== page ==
I guess the best advice is to avoid rush hour trains/buses at all costs. Sometimes, though, it’s difficult to avoid crowded transportation. Men who assault women on trains and buses or flash them in parks are known as “chikan.” Here’s more about chikan: https://guidable.co/living/be-aware-of-chikan-in-japan/
Q. What advice would you offer about where to stay?
Copeland: When I travel in Japan, I like to use Airbnb. I think they are pretty safe. I’ve never had a problem. Many are more affordable than hotels and you’re able to use the modest cooking facilities that they provide. (Japanese kitchens are mostly a hotplate, coffee maker, and microwave.) This allows you to save money on always eating at restaurants.
They also usually have a washing machine (but rarely dryer, so you need to bring clothes that dry quickly! (Not always easy in the humidity.)
Q. What transportation would you recommend for solo women on their first trip to Kyoto?
Copeland: In Kyoto and most of Japan you can buy a prepaid card (that you can re-charge) to use on trains and buses. It’s not really cheaper, but it is easier to use than digging for the change every time you need to get off buses or buy train tickets. More here.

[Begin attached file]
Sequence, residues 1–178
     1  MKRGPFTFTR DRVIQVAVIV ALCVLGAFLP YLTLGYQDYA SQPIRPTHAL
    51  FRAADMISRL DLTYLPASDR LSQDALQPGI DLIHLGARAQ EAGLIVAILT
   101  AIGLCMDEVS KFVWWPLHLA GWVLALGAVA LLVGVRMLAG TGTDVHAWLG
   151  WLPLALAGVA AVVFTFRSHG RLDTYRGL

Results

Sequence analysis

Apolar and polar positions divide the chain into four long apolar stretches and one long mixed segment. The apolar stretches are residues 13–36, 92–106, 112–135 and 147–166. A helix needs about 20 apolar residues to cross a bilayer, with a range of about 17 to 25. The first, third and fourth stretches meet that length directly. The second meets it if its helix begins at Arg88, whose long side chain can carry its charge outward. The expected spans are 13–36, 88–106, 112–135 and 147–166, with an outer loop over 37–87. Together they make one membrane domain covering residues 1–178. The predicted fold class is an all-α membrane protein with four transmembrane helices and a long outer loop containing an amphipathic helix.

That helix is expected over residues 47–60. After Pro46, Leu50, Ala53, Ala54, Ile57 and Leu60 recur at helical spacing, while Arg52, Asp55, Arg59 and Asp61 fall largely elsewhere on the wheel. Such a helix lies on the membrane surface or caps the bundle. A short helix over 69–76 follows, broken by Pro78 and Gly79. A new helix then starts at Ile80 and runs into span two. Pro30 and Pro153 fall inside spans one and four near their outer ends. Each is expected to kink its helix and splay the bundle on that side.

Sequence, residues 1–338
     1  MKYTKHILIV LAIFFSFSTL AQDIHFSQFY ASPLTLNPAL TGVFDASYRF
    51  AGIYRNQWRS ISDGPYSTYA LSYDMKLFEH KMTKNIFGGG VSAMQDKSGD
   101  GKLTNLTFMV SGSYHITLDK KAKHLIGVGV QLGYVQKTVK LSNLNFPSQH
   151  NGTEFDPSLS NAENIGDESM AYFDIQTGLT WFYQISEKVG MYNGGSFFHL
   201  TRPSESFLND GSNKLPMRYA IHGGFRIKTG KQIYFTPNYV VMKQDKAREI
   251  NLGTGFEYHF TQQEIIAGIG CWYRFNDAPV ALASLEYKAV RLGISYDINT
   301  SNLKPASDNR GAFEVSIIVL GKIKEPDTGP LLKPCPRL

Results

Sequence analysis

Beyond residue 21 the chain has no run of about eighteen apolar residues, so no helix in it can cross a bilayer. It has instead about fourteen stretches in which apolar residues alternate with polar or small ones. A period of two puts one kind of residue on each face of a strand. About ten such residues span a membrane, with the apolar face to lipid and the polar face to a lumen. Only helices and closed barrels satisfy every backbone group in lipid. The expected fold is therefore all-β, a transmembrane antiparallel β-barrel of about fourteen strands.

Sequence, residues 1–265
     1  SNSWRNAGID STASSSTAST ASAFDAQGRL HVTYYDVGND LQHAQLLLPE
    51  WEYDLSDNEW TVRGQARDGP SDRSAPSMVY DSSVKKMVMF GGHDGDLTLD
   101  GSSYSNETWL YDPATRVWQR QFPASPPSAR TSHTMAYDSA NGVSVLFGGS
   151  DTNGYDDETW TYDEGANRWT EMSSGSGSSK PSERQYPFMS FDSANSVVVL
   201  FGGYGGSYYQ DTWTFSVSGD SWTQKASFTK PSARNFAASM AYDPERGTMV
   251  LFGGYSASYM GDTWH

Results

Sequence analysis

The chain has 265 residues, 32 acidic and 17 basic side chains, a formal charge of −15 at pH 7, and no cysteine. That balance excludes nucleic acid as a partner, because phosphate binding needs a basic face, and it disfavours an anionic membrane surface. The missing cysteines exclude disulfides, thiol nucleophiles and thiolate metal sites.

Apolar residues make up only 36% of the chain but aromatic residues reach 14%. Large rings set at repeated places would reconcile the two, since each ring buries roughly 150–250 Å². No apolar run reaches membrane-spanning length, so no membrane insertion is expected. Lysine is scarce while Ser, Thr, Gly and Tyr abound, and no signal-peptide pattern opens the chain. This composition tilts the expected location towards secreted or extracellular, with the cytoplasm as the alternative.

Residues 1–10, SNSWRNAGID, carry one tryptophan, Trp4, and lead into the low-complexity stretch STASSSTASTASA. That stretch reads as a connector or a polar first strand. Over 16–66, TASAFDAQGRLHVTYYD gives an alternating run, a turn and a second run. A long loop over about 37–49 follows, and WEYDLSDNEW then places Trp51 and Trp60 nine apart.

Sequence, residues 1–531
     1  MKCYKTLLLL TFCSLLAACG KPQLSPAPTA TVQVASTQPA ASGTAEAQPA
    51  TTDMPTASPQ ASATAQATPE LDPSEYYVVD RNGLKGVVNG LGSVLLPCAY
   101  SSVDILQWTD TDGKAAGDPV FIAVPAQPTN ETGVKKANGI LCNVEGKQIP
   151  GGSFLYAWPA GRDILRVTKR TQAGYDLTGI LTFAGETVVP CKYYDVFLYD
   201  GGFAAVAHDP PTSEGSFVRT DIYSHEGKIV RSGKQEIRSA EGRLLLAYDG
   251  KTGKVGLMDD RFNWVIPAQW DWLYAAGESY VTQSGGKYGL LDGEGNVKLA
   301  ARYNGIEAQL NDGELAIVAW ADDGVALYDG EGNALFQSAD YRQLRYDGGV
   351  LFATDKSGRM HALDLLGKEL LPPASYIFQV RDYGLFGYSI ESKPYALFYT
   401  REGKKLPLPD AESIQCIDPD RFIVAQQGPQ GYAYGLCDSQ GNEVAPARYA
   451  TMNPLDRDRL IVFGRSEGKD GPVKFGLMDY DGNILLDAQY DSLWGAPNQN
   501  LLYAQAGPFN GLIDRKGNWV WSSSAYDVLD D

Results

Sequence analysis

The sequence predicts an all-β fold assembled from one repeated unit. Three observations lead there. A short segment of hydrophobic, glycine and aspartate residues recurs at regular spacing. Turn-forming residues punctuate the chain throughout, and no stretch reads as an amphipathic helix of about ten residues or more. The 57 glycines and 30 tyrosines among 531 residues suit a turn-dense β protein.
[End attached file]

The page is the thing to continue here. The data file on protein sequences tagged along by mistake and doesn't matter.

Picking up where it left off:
Alternatively, Kyoto city buses have day passes that are very reasonable if you plan to take more than two buses during the day.
Read More: Best Safety Products for Solo Women.
Copeland: Of course everyone wants to go to the temples and shrines that are ON the beaten path. There’s a good reason for that. Those are beautiful sites. They’ll also be very crowded.
When I’m in Kyoto, I just like to wander. I find Kyoto a very walkable place. My favorite part of Kyoto is called Higashiyama (on the east of the city) and I prefer the northern most parts of that area. I would recommend staying near the Shugakuin Imperial Villa. (In the novel, the Tani estate was nearby). There are three or four temples that are in this area that are just beautiful but are not regularly visited. One of these is Enkoji. It’s nestled back in a residential area along the hillside with a garden that climbs up the side of the hill. The temple has always been quiet when I visit.
Not far from Enkoji is Manshu-in. It is not as beautiful as Enkoji, but the walk there takes you to what feels very much like the countryside. The road is narrow and shaded and not many cars pass by.
Close to both of these temples is Tanuki-dani, one of my favorites! Almost NO ONE goes here. For one thing, it is quite a hike to get there up a very steep hillside. Once you get to the entrance of the temple, there is a very long flight of stairs—250 steps, to be precise.